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How To Build A Composter



With the world being in the state that it's in, it's imperative that we all pitch in and do our part in trying to help make the world green again. We can do simple things to help that not only aid the green effort and save the air, even recycle garbage back into the ground. In this article we're going to show you how to build a composter and some of the benefits of using this to your home and pocket book.

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Composting is the process whereby bacteria, fungi and many other micro organisms decompose food and other organic materials and create, through processes in the organisms body, nutrients you can use in the garden, grass, and more.

To the organisms, this is just normal food and their bodies (if you can call them that) process this food. These organisms create nutrient-rich waste (waste to them, useful material for us to keep our plant life thriving) that feeds the soil (stores it), then this gets used up later by plants and grass or anything that requires nutrients found in soil and compost heaps to survive and thrive.

The great thing about a composter is that you put in things you'd normally throw away and it all takes care of itself (it's a mini eco-system) while creating useful materials you can recycle instead of going out to the store to purchase them. You can put in organic materials such as leaves, grass clippings and food including parts you don't/can't eat, and this eco system gets to work right away! The end product is called compost and has many uses. Primarily it can restore damaged or overused soil returning it to new. It does this in much the same way vitamins help us to balance out our diet.

Composting is a natural process but we've found several very effective and efficient ways to speed up the process and recycle bio-matter back into the ground replenishing the nutrients that plants, grass, trees, herbs, and more take from it.

Now...  how to build a composter:

First you will need a barrel or cylindrical holding container bin or tumbler where you will put all the bio-matter together. This barrel will need to be turned sideways and have several air holes drilled into its entire surface area. In the middle of the unit you need to cut out a small door (where you will insert the food, leaves, etc...). Make sure the door closes and has a latch or lock because you will be spinning this barrel consistently to mix the bio-matter around and give it ample opportunities to reach more food to decompose (the organisms).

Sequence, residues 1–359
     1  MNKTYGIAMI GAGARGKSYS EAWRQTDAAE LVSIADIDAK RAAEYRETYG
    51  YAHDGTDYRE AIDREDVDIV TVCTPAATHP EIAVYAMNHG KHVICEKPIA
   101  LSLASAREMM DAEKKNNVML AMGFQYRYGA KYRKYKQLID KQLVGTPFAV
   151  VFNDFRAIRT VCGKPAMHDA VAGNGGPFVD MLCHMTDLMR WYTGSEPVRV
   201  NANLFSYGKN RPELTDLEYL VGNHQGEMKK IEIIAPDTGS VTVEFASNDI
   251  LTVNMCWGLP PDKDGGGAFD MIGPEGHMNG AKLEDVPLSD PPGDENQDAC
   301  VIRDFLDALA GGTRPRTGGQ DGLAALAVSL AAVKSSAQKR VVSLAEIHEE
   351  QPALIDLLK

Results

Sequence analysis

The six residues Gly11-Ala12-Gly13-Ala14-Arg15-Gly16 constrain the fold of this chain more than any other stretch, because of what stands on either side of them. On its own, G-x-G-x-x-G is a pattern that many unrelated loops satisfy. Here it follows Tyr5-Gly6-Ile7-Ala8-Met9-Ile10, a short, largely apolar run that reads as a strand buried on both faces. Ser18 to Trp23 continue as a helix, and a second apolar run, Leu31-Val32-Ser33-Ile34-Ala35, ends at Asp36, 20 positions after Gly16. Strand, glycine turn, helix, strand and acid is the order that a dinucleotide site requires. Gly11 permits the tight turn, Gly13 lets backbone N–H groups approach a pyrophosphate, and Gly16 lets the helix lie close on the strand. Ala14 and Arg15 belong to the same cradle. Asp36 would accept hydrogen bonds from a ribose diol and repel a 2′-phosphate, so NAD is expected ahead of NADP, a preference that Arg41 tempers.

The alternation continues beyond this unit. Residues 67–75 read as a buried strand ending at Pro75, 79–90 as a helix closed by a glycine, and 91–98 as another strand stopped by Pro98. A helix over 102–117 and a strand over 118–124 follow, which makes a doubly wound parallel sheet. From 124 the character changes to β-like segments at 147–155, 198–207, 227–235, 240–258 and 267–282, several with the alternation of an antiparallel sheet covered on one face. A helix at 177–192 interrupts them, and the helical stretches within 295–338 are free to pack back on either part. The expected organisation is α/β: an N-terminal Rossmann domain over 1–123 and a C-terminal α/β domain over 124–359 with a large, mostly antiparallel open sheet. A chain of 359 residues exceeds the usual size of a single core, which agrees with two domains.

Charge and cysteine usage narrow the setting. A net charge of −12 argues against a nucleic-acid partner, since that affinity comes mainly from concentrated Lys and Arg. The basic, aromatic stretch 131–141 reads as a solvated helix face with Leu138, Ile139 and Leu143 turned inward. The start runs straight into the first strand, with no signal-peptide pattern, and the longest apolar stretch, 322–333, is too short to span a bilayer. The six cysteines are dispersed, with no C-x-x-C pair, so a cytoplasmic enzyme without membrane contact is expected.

You need to mount the barrel on a frame that will allow it to spin freely. Optimally you will want to have it set up with a gear so you can turn a lever to spin it. The more frequently you spin the composter and mix the contents, the faster it will compost. The process is essentially the organisms eating the waste and converting it into something else. In some composters you don't need to move it. You can create a dirt pile in the back yard and bury waste as you create it (banana peels, etc...) and get some red worms in there to help consume and convert it as well. You may want to put your pile into a container or wooden barrier so the worms don't escape.







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Fast, Biologically Active, Highly-Efficient, No-Turn Composting-Really!

By Fred Davis
Most now-old-fashioned composting methods are actually labor intensive and often a little too slow for my taste and purposes. The pile must be turned to re-introduce air into colonies of oxygen-starved bacteria, fungi and other organisms. Now there’s an easier way which incorporates very nearly all basic composting principles but which vastly improves two crucial factors: aeration and time. Here's my system for producing finished "black gold"—fully decomposed, rich, dark, nutrient-saturated, almost totally weed- and pathogen-free organic matter ready to be worked into garden soil…in 21 to 28 days, with no turning—REALLY!
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If you would like to get the finest results from your flower beds or veg garden, mixing in fertilizer with your soil is a great idea. The most inexpensive way to get compost is to produce your own!
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Low Cost Compost Bins - Buying An Inexpensive Composter

By J Ruppel
These days everyone it seems everyone is interested in helping preserve our natural resources. For the gardener, one natural step is to compost the garden and yard waste and keep it out of the landfills. We take a look at some low cost composters, and the features you want to look for in a compost bin.
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Composting Food and Garden Weeds With Red Wiggler Worms to Improve Garden Soil and Reducing Waste

By Matthew L Wilson
Soils in areas that have never been worked before seldom have the qualities needed to grow domesticated plants and vegetables. Compost is one of the best soil amendments and it also happens to be one that is available to all gardeners. The great thing about compost is that every gardener can "grow" his own compost.
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